Preserve America Community:
El Dorado, Arkansas
El Dorado (population 21,530) means “place of great riches,” and when oil was found in this then-small town in southern Arkansas in 1921, it certainly became a place of riches. The first recorded history of the area dates to1541, when Spanish explorers looking for gold passed through. The town was founded in 1843, and for nearly 100 years served locals who made their living mainly through agriculture or timber.
January 1921 brought the discovery of oil near El Dorado, and thousands flocked to the new boomtown to seek their fortunes. The population swelled from about 4,000 to more than 30,000, and oil was king for several years. Chemical manufacturing came to El Dorado with the opening of a plant producing ammonium nitrate during World War II, and manufacturing, as well as oil and timber remain the primary sectors of the local economy today. Within the last decade, tourism has begun to be a source of income for El Dorado, as the cultural heritage of the town is restored and celebrated.
A memorable part of El Dorado’s history is brought to life each Saturday evening from June through August. Visitors and locals alike can go to the Historic Union Square in Downtown El Dorado for “Showdown at Sunset,” an award-winning reenactment of an infamous shoot out between City Marshal Guy Tucker and the Parnell brothers. A cast of 12 actors recreates the events leading up to the gunfight, which originally took place on October 9, 1902. It left three men dead and several wounded, including Tucker, the great-grandfather of former Arkansas Gov. Jim Guy Tucker.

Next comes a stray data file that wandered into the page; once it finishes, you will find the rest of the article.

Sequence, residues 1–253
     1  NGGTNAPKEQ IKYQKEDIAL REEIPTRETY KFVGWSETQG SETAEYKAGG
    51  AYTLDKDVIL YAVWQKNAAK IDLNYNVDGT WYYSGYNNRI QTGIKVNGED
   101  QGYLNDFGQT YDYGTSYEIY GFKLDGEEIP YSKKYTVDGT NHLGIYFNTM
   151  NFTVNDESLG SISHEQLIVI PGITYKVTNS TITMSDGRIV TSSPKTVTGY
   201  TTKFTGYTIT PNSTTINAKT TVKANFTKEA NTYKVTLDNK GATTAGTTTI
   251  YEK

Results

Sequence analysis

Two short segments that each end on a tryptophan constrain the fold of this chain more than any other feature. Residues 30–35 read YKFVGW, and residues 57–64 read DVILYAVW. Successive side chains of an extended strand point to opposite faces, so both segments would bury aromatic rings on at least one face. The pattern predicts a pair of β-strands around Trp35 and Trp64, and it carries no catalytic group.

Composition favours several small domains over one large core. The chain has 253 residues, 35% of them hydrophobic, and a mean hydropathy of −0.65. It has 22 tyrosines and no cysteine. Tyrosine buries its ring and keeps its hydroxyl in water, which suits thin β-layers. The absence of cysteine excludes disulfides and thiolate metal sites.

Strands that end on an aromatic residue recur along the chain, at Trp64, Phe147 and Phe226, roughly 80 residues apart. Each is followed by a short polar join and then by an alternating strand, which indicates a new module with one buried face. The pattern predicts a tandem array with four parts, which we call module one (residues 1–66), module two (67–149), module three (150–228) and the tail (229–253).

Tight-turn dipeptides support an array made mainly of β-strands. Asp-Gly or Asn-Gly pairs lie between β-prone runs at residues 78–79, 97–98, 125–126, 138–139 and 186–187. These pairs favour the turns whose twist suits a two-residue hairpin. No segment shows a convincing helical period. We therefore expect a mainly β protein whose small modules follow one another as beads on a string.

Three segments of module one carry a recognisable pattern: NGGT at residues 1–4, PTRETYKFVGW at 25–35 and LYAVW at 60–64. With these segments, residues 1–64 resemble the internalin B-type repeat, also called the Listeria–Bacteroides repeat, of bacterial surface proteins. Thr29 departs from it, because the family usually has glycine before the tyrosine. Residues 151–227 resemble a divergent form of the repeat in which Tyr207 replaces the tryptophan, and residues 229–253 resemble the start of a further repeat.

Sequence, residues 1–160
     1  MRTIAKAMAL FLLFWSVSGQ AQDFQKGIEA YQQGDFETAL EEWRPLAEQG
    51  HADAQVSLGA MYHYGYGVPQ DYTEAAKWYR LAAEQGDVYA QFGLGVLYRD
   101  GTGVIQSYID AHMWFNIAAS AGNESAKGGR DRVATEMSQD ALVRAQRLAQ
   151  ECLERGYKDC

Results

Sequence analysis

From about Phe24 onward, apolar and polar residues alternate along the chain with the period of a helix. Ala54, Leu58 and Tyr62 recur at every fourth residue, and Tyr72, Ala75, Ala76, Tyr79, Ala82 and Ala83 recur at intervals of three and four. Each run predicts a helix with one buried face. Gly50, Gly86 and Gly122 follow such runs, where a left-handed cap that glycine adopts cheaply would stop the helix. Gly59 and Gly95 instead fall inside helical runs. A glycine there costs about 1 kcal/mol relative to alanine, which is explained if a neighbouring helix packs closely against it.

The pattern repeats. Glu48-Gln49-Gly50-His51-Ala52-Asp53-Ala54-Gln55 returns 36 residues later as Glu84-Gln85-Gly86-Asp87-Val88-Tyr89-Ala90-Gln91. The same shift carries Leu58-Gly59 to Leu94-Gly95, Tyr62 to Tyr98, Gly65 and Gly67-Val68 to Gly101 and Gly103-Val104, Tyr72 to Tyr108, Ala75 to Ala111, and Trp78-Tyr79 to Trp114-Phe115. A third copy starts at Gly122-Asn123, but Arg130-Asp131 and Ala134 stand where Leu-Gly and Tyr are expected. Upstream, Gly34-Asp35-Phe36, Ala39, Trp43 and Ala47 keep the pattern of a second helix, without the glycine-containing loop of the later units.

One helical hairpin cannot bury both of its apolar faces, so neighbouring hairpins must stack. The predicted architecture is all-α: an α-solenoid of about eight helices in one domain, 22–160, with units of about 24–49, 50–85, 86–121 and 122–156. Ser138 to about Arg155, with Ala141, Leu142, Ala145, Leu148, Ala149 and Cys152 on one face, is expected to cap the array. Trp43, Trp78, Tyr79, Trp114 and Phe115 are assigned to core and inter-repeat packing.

Visitors to El Dorado can explore the historic downtown with a self-guided walking tour. The route highlights several historic properties including the Rialto Theatre, a 1920s theater restored to its original appearance that shows first-run films daily. Across the street from the Rialto is the Oil Heritage Park. The park, completed in 2007, presents the story of El Dorado as an oil boomtown with sculpture, artifacts, and interpretive plaques. El Dorado’s impressive Commercial Historic District reflects the wealth the oil boom brought to the community in its Art Deco and Classical Revival architecture, with six buildings listed on the National Register of Historic Places.
For more information
City of El Dorado: www.goeldorado.com
Main Street program: www.mainstreeteldorado.org
Posted April 13, 2009